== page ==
Also note that in the upcoming 0.8.7, the desktop manager menu is fully design-mode capable. This also means you can add commands as style Custom to that menu which point to a desktop file to add a custom app menu, etc., among other new features in this version.

      And thank YOU for the nice job you did bringing SpaceFM into GTK3. Now that your code has finally reached master after months of various testing stages (my paranoia) and is the default package in major distros like Arch, it’s still holding up very well – very few problems. Although you did having me going for a bit here#253. ;) I hope you’ll consider contributing in the future as things come up. Movable icons is one thing missing from the desktop support, and given the way you handled cairo etc I think you’d be a good candidate for that if it interests you. Patrick has been very supportive of the SpaceFM project and he’s even offering a bounty on this one, which would be yours.

      Either way, thanks again for your contributions – nice work!

      Comment by IgnorantGuru | February 24, 2013

      • It’s funny to admit that I can’t even call myself a power user of SpaceFM. I don’t end up leveraging much more than its basic use.

        I can imagine the source of that bug was a pain to locate. I’ll try to get back to contributing sometime soon. I’ve been busy recently and I only just now had the time to deal with my HTPC properly even though I built it 2 months ago. Movable icons sounds like an interesting problem. I guess it would have to be done by pixel rather than by grid square because of the variable height of the filenames. Handling changes in screen resolution would be something I’d want to do right, but I would probably defer it until everything else was working correctly.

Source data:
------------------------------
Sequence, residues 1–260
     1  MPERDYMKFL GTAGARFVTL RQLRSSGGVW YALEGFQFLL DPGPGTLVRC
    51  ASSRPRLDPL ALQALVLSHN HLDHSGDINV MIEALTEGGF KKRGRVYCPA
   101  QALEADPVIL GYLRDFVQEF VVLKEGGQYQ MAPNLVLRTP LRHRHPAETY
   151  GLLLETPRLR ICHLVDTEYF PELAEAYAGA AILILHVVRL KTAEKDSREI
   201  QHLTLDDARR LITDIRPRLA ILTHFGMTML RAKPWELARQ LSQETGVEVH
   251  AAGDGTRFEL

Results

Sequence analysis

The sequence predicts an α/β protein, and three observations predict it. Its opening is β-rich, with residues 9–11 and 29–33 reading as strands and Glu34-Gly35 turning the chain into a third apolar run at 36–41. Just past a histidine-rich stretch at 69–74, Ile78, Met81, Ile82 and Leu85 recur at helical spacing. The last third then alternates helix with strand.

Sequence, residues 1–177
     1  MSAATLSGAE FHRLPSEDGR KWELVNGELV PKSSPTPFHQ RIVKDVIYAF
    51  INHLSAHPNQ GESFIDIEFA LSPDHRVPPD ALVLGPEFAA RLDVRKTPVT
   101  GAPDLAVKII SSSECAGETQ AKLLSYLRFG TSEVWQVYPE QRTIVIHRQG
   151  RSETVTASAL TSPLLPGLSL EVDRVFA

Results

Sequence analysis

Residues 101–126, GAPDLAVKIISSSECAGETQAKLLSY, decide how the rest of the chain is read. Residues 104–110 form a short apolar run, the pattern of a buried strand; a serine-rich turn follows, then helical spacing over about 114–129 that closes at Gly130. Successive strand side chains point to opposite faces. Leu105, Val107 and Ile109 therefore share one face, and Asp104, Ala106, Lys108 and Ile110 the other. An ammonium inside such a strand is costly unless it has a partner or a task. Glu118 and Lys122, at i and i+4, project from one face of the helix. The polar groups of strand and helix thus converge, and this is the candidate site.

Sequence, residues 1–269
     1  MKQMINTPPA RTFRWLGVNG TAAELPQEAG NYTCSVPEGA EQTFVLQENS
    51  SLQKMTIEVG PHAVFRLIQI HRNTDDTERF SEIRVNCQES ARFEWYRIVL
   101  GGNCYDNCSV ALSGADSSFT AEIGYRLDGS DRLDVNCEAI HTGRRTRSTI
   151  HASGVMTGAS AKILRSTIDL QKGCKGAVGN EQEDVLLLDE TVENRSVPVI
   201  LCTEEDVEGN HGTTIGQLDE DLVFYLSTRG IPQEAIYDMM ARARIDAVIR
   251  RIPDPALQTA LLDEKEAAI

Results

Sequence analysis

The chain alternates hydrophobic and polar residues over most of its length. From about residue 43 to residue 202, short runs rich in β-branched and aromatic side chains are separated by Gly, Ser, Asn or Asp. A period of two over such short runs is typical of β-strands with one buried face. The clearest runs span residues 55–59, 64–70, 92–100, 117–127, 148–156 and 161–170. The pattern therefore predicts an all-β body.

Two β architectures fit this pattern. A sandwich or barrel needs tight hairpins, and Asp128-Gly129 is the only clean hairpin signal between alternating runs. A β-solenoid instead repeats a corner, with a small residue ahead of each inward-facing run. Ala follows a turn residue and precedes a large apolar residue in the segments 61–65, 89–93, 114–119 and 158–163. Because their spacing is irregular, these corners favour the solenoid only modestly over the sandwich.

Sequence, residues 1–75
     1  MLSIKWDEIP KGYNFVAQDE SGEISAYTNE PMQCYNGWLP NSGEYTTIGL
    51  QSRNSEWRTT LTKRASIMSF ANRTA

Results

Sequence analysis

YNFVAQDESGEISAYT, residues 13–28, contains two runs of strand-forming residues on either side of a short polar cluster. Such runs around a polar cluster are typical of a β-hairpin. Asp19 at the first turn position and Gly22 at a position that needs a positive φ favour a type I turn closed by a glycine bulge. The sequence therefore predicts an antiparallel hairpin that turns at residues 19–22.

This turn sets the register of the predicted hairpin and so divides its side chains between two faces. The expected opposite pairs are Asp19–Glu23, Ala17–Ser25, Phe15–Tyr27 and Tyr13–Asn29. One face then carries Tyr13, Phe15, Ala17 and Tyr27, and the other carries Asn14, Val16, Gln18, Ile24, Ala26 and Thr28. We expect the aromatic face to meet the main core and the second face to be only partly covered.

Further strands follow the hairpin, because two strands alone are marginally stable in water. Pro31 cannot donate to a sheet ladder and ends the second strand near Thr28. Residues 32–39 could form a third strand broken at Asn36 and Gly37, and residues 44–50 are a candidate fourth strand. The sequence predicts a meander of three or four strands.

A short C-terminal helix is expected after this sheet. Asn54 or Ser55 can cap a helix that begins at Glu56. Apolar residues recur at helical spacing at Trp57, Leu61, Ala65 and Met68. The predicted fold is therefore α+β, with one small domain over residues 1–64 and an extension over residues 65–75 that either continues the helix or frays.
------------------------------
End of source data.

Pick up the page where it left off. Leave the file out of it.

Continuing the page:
From a quick look at the code, the change wouldn’t be too hard, but I think you’d be better equipped to solve the issue. To get movable icons, you just need to modify the layout_items function in desktop-window.c to load the previous position of an icon if in movable icons mode, and save it when you drag and drop an icon. Adding new icons can be done by just finding the first place where they wouldn’t intersect with an existing icon. The sorting functions would also need to reset the icon positions. I was expecting this to be a harder problem, but the because the desktop code draws all the icons itself, the codebase looks like its already well equipped for this change.

        Comment by BwackNinja | February 24, 2013

        • Thanks for looking it over – sounds promising. I haven’t had much occasion to work in that area. I’d also like the snap-to-grid, but I imagine that would just be a matter of rounding to the nearest whatever. Btw are there any docs on cairo-related stuff that you recommend beyond the API docs? Hard to get an overview of how it works with just function definitions.

          Comment by IgnorantGuru | February 24, 2013

          • The tutorial on the site is fairly straightforward and covers the drawing model well: http://cairographics.org/tutorial/

            After that, SpaceFM’s own desktop drawing code is probably a good place to look as an example and shows the interaction with gtk2&3 well with the gtk2’s expose-event vs gtk3’s draw-event.

            Comment by BwackNinja | February 24, 2013